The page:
Former Iran Captive to Democrats: Don’t Use ‘Hostage’ Language to Describe Gov’t Shutdown

Pleading with liberal lawmakers, Jason Rezaian of The Washington Post said, 'It's not something to be taken lightly — respect the term'

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Washington Post journalist and former Iran hostage Jason Rezaian is not pleased with Democratic lawmakers’ recent turn toward accusing President Donald Trump of holding the country “hostage” over border wall funding amid a partial government shutdown.

The government partially shut down just before Christmas after Democrats refused to give Trump the $5 billion or so he’s been requesting in border security funding. But liberals are pinning the blame for the shutdown on the president and GOP lawmakers — and their fight to secure the southern border.

In particular, Democrats like Senate Minority Leader Chuck Schumer (D-N.Y.)(shown above left) and Sen. Bob Menendez (D-N.J.)(above right) have begun accusing Trump of holding the government “hostage” as they try to defend their refusal to negotiate a compromise to reopen the government

But Rezaian and his wife, Yeganeh Salehi, know firsthand what it’s like to be taken into custody and held as hostages.

Iranian authorities removed the journalist and his wife — both U.S. citizens — from their home in Tehran in July 2014.

The authorities held Rezaian in solitary confinement for 49 days among a total of 544 days in captivity. The officials accused the journalist of espionage and eventually convicted him in a closed-door trial. Finally, Iran released Rezaian and three other U.S. citizens in January 2016.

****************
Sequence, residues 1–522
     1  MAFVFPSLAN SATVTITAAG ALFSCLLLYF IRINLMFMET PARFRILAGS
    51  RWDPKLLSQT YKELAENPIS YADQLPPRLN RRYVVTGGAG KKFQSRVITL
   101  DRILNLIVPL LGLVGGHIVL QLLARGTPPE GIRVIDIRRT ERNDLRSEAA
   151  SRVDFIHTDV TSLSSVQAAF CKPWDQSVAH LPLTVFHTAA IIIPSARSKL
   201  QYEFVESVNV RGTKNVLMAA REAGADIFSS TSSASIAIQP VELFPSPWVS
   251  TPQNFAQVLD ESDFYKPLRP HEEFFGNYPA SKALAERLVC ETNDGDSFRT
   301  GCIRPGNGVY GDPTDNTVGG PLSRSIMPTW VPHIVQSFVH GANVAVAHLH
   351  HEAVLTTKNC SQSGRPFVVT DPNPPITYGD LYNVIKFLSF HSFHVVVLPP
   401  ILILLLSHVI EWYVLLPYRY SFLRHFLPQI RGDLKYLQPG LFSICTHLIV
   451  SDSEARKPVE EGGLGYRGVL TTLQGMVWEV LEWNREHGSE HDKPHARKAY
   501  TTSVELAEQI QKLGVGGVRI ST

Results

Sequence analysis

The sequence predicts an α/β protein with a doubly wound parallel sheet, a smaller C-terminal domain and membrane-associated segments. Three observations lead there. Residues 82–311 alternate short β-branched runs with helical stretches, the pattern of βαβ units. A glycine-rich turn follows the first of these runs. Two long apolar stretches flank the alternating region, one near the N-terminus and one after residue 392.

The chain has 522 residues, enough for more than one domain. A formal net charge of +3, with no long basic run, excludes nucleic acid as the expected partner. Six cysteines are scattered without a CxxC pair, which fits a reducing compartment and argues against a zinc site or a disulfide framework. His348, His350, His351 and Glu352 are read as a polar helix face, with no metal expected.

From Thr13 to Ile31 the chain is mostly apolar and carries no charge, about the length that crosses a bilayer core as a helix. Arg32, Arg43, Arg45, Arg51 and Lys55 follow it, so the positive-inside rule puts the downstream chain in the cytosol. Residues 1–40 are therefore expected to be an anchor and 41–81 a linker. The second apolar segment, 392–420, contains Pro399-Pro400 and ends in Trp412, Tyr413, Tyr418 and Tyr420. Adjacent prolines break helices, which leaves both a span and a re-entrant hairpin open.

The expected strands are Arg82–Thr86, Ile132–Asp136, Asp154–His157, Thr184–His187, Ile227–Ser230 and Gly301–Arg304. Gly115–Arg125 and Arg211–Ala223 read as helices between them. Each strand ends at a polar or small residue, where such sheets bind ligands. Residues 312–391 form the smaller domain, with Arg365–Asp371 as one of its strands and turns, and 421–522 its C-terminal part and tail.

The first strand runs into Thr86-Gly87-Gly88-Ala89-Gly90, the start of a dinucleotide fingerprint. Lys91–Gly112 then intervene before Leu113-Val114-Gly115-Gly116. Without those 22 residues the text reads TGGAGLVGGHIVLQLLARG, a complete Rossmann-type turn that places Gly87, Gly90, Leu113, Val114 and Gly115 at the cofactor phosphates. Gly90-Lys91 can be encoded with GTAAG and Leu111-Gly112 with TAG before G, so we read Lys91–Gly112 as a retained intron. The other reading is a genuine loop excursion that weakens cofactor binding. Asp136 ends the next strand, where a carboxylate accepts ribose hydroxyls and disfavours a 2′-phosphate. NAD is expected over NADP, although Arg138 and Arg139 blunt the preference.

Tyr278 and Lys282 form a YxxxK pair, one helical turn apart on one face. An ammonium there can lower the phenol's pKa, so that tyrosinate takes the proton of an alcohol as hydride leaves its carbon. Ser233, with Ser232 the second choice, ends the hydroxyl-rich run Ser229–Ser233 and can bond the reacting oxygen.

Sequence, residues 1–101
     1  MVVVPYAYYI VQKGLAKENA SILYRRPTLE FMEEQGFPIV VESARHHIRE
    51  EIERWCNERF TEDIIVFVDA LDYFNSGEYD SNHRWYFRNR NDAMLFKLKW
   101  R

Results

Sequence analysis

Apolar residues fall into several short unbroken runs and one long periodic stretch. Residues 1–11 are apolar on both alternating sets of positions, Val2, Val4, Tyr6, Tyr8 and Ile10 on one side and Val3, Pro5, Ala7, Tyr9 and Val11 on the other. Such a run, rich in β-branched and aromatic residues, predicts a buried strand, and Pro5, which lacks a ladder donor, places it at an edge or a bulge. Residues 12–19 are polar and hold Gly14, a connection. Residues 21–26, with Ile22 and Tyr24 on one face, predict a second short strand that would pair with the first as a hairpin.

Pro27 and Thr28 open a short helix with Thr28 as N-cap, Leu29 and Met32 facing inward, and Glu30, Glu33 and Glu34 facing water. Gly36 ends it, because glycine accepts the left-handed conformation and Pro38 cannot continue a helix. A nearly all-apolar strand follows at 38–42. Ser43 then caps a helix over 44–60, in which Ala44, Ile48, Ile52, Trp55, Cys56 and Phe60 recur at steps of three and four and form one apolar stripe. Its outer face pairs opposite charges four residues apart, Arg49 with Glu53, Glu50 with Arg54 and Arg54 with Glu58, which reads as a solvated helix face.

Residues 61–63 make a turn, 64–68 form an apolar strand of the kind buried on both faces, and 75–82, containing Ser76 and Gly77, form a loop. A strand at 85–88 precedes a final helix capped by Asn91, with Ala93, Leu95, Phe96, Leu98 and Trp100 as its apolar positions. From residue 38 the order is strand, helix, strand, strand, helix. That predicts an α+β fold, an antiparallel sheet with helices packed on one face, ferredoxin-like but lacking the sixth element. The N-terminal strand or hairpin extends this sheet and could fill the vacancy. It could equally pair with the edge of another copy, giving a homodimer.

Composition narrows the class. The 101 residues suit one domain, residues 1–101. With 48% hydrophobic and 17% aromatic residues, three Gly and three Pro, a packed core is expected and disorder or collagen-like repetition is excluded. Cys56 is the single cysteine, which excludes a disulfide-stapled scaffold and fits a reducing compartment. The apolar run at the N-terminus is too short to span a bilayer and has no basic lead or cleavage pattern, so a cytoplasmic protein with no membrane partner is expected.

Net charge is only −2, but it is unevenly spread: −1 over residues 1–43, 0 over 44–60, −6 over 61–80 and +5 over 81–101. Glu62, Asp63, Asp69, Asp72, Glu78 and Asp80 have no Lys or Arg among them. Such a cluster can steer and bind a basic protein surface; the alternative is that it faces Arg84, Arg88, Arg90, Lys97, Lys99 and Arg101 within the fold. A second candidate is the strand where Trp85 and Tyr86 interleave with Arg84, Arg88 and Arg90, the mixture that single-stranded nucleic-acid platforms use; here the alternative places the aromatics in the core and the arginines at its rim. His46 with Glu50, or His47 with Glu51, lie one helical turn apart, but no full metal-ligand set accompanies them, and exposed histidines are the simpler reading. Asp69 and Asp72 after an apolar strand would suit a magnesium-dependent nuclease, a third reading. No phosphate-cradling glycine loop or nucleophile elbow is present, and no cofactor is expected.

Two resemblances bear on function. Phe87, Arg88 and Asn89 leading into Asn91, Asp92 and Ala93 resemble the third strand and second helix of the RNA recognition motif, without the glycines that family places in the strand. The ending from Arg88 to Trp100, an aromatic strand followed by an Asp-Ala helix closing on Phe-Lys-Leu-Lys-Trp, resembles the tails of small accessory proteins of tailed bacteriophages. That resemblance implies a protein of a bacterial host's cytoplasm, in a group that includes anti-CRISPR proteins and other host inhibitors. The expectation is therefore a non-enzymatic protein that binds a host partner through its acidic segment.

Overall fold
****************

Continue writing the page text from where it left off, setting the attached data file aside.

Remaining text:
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Rezaian’s new book “Prisoner” was released Tuesday; he spoke with CNN’s John Berman about it on “New Day.”

“If you look at solitary confinement — I spent 49 nights. That’s seven weeks in a — in a tiny little cell [where] the lights were on 24 hours a day. Nowhere to run, nowhere to hide. Just a lot of walls around you. That’s a low in my life,” Rezaian said. “But as the time went on and the — and the situation was prolonged and seemed interminable, after the nuclear deal was struck in July of 2015 and I was still in prison, I thought to myself, ‘I may never get out of here.'”

“Little did I know at the point, secret negotiations for the release of me and other Americans had been going on for many months,” Rezaian added.

At the end of the interview, Berman asked Rezaian about Democratic lawmakers’ recent use of the “hostage” language.

“One of the things is occasionally Democrats are saying the president’s holding people ‘hostage’ with the shutdown. You see the word ‘hostage’ tossed around in common conversation right now,” Berman noted. “And it strikes me — I understand what people are getting at at different times, but you were a hostage for 544 days.”

Related: Some Democrats Might Be Willing to Buck Party Leadership on Wall Funding

Rezaian replied, “Yeah — don’t use that term, politicians, please. You know, I was a hostage. I know other former hostages. It’s a — it’s not something to be taken lightly. And respect the term.”

Schumer used the word during a speech to the Senate earlier in January.

“President Trump is holding the government hostage over his wall, using the well-being of millions of Americans in a futile attempt to get what he wants. A concrete border wall,” the New York Democrat said.

House Minority Leader Nancy Pelosi (D-Calif.) used the same word during her rebuttal to Trump’s first Oval Office address as president, saying, “President Trump must stop holding the American people hostage, must stop manufacturing a crisis and must reopen the government.”

Menendez said Tuesday on MSNBC’s “Morning Joe” that “we can’t be in a situation where you’re just holding hostages, because once you do that and you succumb to it, then the president will use this tactic time and time again for any other issue he wants to achieve.”

Check out more in the video below:

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